RiskWare, the online replacement for the Incident and Hazard report forms is nearly complete with just some background tweaks to adjust and instruction manuals to write. Go-live is expected during early November.
Some highlights of the system that you can look forward to include:

  • Entirely online reporting of hazards and incidents
  • Automatic forwarding to supervisors (no need to get forms signed off before sending to Safety)
  • Simplified Action Plans for Supervisors and Managers with options for in-depth investigation
  • Auto fill forms to retrieve locations and employee details
  • Ability for Managers to review statistics for their areas at any time
  • Log in from any internet-capable device

Back to top

Traffic Light System Jan - Jun 2017

Traffic Light System reports from work areas for January to June 2017 are currently being collected. Following this the Collated Responses and Summary Report will be prepared and issued.
Traffic Light System information and procedure is available at:
https://www.safety.uwa.edu.au/management/monitoring/traffic-light
Traffic Light System documents are available (Pheme log in required) at:
https://www.safety.uwa.edu.au/management/monitoring/monitoring-process-results  

Back to top

Marking Written Work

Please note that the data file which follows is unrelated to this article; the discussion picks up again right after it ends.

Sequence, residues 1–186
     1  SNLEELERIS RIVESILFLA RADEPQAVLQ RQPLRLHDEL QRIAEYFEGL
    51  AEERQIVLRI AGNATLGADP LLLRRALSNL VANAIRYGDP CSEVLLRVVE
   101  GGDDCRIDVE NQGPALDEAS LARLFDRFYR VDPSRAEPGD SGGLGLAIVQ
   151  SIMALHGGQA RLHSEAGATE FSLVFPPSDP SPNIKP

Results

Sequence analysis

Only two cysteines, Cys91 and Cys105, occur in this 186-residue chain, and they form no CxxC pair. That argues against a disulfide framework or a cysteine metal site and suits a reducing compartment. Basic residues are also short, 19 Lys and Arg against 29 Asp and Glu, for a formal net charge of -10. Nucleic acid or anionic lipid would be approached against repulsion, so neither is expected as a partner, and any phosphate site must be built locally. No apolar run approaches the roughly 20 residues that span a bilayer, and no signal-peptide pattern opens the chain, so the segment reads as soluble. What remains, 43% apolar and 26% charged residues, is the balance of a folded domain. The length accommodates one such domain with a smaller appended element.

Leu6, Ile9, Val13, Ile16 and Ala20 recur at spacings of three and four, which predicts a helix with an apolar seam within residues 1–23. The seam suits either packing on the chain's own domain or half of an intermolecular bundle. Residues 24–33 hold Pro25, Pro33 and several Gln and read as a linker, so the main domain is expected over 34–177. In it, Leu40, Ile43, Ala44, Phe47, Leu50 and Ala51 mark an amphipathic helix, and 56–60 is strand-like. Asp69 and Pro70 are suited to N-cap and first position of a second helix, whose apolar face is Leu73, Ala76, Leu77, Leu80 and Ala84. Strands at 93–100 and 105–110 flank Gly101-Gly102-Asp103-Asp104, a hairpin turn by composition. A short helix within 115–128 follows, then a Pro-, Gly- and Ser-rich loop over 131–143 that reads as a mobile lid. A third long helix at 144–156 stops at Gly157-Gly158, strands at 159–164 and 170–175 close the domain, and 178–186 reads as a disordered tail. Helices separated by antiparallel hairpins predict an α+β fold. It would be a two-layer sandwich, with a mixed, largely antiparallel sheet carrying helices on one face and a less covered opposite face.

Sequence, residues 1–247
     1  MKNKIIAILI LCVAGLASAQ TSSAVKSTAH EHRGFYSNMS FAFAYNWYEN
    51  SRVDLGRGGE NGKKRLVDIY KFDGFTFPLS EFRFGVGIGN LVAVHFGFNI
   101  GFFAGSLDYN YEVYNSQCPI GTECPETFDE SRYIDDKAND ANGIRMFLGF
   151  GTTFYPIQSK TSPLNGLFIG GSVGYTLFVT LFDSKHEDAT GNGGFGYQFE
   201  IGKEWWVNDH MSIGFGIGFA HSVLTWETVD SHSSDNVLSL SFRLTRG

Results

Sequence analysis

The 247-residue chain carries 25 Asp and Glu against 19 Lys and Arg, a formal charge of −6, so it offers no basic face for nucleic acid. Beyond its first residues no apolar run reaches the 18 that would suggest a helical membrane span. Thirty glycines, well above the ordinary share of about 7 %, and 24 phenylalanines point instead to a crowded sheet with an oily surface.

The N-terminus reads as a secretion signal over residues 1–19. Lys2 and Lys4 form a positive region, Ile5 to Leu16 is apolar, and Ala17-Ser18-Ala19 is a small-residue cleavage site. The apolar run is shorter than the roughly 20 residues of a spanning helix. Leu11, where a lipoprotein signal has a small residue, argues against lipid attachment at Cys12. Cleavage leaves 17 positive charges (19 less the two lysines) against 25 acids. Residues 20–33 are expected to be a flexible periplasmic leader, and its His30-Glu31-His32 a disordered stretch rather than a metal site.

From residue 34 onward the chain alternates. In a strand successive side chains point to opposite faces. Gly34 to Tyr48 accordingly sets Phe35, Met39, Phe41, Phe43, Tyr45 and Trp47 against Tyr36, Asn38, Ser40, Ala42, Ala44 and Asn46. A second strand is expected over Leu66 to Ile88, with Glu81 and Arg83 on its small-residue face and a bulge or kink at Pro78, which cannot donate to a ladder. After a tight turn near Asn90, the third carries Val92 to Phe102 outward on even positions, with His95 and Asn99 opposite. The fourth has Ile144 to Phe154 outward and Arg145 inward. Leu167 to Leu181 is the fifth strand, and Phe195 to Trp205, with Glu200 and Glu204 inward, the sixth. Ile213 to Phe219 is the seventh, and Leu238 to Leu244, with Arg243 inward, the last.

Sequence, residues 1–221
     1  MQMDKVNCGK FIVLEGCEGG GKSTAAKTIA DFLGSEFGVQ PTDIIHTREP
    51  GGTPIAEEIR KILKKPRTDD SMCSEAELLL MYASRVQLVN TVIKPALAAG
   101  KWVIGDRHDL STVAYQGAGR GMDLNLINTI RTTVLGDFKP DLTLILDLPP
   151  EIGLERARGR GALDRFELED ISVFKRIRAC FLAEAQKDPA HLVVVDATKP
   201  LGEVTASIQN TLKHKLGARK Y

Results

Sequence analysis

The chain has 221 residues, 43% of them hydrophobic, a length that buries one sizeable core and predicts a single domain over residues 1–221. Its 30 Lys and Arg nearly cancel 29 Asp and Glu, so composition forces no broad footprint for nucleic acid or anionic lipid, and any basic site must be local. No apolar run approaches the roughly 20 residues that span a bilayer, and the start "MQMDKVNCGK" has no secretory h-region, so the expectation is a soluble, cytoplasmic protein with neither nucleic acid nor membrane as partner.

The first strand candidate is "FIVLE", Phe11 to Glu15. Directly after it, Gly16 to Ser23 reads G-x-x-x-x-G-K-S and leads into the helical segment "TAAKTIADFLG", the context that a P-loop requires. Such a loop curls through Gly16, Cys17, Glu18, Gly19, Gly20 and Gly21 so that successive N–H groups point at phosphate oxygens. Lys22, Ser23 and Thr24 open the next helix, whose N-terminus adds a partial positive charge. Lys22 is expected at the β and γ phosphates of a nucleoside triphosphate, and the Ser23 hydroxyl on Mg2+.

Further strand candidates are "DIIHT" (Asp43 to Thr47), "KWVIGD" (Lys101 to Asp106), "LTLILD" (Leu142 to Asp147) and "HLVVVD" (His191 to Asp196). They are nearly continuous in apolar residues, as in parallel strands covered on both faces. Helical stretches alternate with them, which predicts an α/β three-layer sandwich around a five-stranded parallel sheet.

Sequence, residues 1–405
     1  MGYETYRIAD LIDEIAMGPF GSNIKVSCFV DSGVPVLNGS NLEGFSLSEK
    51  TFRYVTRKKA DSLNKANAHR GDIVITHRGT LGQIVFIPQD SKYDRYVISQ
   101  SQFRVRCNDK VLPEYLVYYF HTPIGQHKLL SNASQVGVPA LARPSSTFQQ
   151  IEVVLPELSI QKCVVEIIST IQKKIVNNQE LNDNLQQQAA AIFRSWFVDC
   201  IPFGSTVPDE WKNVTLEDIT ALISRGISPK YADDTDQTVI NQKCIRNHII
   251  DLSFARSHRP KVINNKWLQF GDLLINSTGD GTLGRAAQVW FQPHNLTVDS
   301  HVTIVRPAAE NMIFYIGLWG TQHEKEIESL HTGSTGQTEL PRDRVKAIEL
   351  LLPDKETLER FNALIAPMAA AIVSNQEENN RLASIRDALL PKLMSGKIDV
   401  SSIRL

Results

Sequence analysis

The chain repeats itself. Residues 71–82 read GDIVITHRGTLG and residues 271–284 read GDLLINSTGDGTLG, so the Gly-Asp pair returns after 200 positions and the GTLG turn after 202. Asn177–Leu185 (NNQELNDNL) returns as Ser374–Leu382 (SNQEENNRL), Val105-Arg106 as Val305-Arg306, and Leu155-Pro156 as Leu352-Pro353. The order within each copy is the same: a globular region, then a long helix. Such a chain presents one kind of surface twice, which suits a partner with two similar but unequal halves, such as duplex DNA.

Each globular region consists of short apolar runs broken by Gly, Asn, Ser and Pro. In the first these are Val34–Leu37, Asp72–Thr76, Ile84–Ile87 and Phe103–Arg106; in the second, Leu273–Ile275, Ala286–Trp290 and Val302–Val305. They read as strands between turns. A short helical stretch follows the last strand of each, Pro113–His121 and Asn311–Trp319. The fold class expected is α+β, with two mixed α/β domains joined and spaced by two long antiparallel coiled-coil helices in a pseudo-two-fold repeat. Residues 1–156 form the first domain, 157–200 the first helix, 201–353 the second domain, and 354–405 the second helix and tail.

This guideline is designed to provide useful information for staff to prevent discomfort and muscle strain when marking written work, whether at home or in the office.
https://www.safety.uwa.edu.au/topics/physical/ergonomics/marking-work  

Back to top

Staying Safe from Swooping Magpies

Recommendation to avoid or reduce the impact of a swooping magpie includes:

  • Never deliberately provoke or harass a magpie. Throwing sticks or stones at magpies usually makes them more defensive.
  • Avoid areas where magpies are known to swoop. Remember, magpie aggression lasts only a few weeks and they usually only defend a small area of about 100 metre radius around their nest. If there are areas on campus where magpies are known to swoop try using an alternate route.
  • Locate the bird and keep watching it when entering a magpie territory. Magpies are less likely to swoop if they are being watched constantly or if people walk in a close group. If it swoops, don’t crouch in fear or stop, move on quickly but don’t run.